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Mayo Clinic is an exciting place to learn and practice. Here is a snapshot of its environment, which gives you a look at what makes Mayo a world leader in medical education, research and health care.

Learning community

  • 30 current gastroenterology fellows (seven a year; 43 percent female)
  • Up to 24 gastroenterology Clinical Scholar Track positions as well as one to six National Institutes of Health-Sponsored Track positions
  • 20 residency programs represented
  • More than 3,100 residents, fellows and students
  • More than 600 internal medicine faculty (no private attendings)
  • 80 staff members in the Division of Gastroenterology and Hepatology (20 percent female)

Patient base and care environment

  • On a typical day, approximately 5,700 patients receive care at Mayo Clinic's campus in Rochester, Minnesota.
  • Approximately 80 percent of patients are from Minnesota, Iowa or Wisconsin.
  • Approximately 33 percent of patients are covered by Medicare, and 10 to 15 percent of trainees' patients are from underserved communities.
  • Average of 27,000 outpatient gastroenterology and hepatology visits a year.
  • Average number of procedures done at Mayo Clinic yearly:
    • Colonoscopy: 18,723
    • EGD: 17,111
    • EUS: 2,337
    • ERCP: 5,399
    • Complex: 8,500
    • Motility: 2,824
  • Mayo Clinic Hospital — Rochester (Saint Marys campus and Methodist campus) and all clinic buildings are within walking distance.
  • Many Mayo departments ranked in the 2014-2015 U.S. News & World Report specialty rankings:
    • Gastroenterology and GI surgery: No. 1
    • Diabetes and endocrinology: No. 1
    • Ear, nose and throat: No. 1
    • Geriatrics: No. 1
    • Gynecology: No. 1
    • Nephrology: No. 1
    • Neurology and neurosurgery: No. 1
    • Pulmonology: No. 1
    • Cardiology and heart surgery: No. 2
    • Orthopedics: No. 2
    • Cancer: No. 3

Fellowship outcomes

  • 2009-2013 American Board of Internal Medicine (ABIM) Certification Examination pass rate of 100 percent.
  • Mean percentile rank In-Training Examination score for Mayo gastroenterology fellows is 94 percent, nationally.
  • Outcomes of gastroenterology fellows one year after training: approximately 70 percent academics and approximately 30 percent private practice.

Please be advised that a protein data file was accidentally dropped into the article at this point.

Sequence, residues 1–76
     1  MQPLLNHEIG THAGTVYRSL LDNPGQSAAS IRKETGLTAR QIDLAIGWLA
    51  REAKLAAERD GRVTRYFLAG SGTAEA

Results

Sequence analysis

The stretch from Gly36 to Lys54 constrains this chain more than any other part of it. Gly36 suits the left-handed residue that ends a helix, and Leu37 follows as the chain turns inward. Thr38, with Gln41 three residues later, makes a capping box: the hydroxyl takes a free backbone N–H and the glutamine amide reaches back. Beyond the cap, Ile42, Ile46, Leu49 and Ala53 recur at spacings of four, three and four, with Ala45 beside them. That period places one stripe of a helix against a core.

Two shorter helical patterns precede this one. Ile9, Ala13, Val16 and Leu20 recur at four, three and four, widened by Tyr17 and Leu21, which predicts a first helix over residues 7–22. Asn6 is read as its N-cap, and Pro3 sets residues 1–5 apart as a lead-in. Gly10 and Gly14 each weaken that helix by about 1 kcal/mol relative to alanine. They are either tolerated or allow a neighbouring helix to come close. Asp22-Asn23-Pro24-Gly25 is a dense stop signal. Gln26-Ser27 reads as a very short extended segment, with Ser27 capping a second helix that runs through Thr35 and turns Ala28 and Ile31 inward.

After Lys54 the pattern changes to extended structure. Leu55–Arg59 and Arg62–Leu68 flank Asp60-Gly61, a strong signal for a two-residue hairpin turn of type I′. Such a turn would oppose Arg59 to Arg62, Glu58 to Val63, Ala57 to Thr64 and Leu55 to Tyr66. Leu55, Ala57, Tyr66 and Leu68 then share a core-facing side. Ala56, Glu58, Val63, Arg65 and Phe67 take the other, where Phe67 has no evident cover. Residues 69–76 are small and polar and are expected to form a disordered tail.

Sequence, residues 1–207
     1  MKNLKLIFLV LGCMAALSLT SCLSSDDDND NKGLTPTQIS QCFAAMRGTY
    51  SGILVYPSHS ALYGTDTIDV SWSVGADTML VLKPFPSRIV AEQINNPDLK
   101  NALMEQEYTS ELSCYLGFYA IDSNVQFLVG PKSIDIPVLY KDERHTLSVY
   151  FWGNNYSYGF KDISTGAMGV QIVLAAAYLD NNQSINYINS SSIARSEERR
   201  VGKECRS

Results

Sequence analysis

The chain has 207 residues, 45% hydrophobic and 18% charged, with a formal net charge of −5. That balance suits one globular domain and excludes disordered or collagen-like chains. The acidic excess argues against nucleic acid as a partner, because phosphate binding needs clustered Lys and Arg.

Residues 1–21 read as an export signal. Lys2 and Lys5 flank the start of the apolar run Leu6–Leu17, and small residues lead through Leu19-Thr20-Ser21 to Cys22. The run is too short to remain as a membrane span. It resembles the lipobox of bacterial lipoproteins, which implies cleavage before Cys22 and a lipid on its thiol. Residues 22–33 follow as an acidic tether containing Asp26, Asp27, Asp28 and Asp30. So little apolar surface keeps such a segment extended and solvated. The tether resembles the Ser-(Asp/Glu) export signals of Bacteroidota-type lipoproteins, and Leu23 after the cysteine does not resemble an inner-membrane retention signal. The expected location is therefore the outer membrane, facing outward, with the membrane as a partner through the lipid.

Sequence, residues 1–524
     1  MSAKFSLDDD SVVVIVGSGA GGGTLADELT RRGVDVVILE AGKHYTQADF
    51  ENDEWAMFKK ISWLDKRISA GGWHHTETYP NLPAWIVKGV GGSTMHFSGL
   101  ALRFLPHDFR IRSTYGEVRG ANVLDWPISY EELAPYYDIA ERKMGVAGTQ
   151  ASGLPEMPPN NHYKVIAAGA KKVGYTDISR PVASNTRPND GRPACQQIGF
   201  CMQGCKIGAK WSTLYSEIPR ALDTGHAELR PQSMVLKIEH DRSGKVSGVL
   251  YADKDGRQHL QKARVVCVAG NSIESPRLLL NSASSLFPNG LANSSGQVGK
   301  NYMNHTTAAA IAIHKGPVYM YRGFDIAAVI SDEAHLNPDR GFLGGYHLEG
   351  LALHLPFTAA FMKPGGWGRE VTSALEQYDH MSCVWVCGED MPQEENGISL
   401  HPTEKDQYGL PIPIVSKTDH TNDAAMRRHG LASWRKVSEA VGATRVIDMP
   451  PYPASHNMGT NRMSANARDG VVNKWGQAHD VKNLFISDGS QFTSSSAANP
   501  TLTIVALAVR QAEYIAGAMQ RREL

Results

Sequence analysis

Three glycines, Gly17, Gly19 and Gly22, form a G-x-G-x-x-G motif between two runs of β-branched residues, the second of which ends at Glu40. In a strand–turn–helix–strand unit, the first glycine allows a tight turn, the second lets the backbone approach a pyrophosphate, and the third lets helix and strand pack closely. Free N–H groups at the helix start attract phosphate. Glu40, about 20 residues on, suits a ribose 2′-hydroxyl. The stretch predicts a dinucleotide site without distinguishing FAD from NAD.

• Approximately one-third of fellows pursue advanced fellowship training.
  • Mayo fellows have competed in the national GI Jeopardy contest at American College of Gastroenterology (ACG) meeting most years since the contest inception, winning on multiple occasions.


  • Research funding: Extramural funding, including NIH awards, is $22 million.
  • Over the past five years, 2,028 articles, editorials and reviews by Division of Gastroenterology and Hepatology faculty (more than one paper a day).
  • Average scholarly activity per fellow in 2013 class: 10 presentations, 10 publications and eight abstracts. See our fellows' publications.
  • Fellows average six to 10 Mayo-sponsored trips for scientific presentation, with a yearly regional attendance trip per trainee and one trip for attendance per trainee during the second or third year.
  • Access to Olmsted County, Minnesota, patient database in order to perform population-based studies.

Fellowship highlights

  • Over three years, fellows spend on average 16 percent of their time in outpatient settings, 22 percent in inpatient settings, 22 percent in procedures, 7 percent in electives and 33 percent doing research.
  • No in-house call is required on any rotation. There is 3 1/2 months of home call, and six months when fellows need to be available by pager at night for infrequent questions by residents or teams requesting consultations, during the three-year fellowship.
  • Elective opportunities (with travel and housing provided) are available at the Mayo Clinic campuses in Arizona and Florida or in community practices at Mayo Clinic Health System sites.
  • There are rotations in the viral hepatitis clinic within the standard curriculum, with elective time available in the HIV clinic.
  • Dedicated bleeding team and emergency endoscopy rotation of two to three months.
  • One year of dedicated mentored research time in an area of interest to the fellow.
  • An annual research retreat allows fellows to meet with Division of Gastroenterology and Hepatology faculty researchers.
  • Stipends: See current stipend levels.
  • Vacation: 15 days a year.
  • Trip allowance: 10 days a year for presentations; one attendance-only trip during fellowship; yearly attendance for regional meeting.
  • Opportunity for attendance at Mayo Board Review Course on annual basis.
  • Many advanced fellowship opportunities


  • Industry leader for electronic medical record, which includes online X-ray viewing
  • Web-based electronic curriculum for each rotation
  • Up-to-date and extensive array of electronic textbooks provided free to trainees
  • Enhanced computer access, including clinical access from home and on mobile devices
  • Consistently updated fellow website with quick navigation to schedules and more
  • Web-based evaluations of faculty, rotations, and residents and students
  • State-of-the-art experiences in the Multidisciplinary Simulation Center
  • Observation cameras and iPads
  • Competency-based training
  • Mayo Fellows Association
  • April 9, 2015
  • ART858350